If you can’t use chopsticks, be sure to get a fork before you even choose your first foods.

As a sign of respect, if you can use chopsticks, even minimally, be a good guest, and try. You’ll get better practice at a dim sum restaurant as all the little packets are compact and easier than regular fare.

Stay clear of any brightly-(artificially)-colored dishes. The Chinese have a heavy-hand with chemical coloring. These show up mostly in “desserts”.

For budgeting purposes, small dishes generally range from $2 to $3, medium dishes range from $2.50 to $3.50, and large dishes range anywhere from $3 to $5. “Special dishes” tend to be around $5 per dish; this is the category the more regular dishes fit in, but portions are smaller than they would be on the regular menu, too. Depending on appetite, figure on $12 – $18 per person for adults.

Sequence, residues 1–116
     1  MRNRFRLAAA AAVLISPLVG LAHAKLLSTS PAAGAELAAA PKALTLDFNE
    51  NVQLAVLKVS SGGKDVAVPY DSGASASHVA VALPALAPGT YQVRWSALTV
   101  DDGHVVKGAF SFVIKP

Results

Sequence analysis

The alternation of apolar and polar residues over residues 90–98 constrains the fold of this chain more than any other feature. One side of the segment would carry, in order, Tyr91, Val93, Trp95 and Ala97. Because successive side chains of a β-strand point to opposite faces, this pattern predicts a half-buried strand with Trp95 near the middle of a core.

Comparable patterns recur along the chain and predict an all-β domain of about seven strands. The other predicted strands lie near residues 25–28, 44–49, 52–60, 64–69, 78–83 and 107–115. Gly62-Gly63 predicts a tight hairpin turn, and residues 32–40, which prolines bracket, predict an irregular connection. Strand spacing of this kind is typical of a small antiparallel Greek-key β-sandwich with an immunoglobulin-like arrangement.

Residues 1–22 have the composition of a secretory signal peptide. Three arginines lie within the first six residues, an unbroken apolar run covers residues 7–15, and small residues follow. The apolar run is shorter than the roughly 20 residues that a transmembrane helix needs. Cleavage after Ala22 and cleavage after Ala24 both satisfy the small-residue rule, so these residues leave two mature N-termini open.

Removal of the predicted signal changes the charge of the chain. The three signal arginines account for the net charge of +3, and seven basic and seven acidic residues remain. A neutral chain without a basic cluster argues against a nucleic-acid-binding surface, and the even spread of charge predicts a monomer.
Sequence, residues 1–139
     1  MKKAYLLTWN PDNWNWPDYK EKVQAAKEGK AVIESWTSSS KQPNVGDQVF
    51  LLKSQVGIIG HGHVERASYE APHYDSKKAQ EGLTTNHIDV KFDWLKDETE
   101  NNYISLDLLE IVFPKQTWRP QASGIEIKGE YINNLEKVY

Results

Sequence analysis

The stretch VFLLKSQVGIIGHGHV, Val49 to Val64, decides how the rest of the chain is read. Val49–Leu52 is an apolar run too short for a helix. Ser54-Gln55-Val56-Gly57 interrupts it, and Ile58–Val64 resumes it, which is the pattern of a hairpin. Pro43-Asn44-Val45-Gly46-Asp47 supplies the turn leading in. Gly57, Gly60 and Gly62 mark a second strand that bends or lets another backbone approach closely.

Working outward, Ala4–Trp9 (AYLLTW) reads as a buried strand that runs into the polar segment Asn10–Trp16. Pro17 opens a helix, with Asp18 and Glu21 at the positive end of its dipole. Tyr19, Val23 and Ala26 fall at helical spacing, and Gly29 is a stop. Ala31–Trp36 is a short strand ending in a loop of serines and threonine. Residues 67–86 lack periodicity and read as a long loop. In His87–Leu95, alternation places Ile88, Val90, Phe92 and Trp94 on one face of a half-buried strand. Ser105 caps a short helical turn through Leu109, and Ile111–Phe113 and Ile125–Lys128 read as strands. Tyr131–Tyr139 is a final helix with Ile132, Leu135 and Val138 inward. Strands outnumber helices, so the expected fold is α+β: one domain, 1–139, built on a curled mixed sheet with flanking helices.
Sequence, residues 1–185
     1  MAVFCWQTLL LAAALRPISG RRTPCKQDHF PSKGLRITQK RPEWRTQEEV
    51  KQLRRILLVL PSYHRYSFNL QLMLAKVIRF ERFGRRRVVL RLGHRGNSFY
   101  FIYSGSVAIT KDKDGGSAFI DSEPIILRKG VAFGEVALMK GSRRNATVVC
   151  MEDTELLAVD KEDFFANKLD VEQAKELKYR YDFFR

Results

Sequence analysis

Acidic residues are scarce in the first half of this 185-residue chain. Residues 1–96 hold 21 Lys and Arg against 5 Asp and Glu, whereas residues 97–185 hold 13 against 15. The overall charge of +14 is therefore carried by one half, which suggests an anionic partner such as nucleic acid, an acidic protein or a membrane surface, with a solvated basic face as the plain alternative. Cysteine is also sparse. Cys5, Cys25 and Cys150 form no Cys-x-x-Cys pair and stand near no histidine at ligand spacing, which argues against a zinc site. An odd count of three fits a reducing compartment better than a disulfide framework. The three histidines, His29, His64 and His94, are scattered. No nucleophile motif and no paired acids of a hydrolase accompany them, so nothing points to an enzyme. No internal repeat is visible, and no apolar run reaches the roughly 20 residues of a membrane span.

A few to consider:
___ Harbor City Restaurant: 707 S King St, Seattle (206) 621-2228
___ Jade Garden: 704 S. King St, Seattle (206) 622-8181
___ Duk Li Dim Sum: 664 S Weller St, Seattle, WA 98104 (cash only)
___ New Hong Kong Restaurant: 900 S Jackson St, Seattle
(206) 223-7999

All are wheelchair accessible and open 7 days a week unless noted above. Dim Sum may only be served at certain times in some of these establishments. Check.

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©2010 mystic at Travel Vacation Review

Seattle – Chinatown Tours

Monday, May 3rd, 2010

Like San Francisco, Seattle has been welcoming Chinese immigrants for a very long time, and many new immigrants came to Vancouver, BC, too, before Hong Kong was handed back to China a decade or so ago.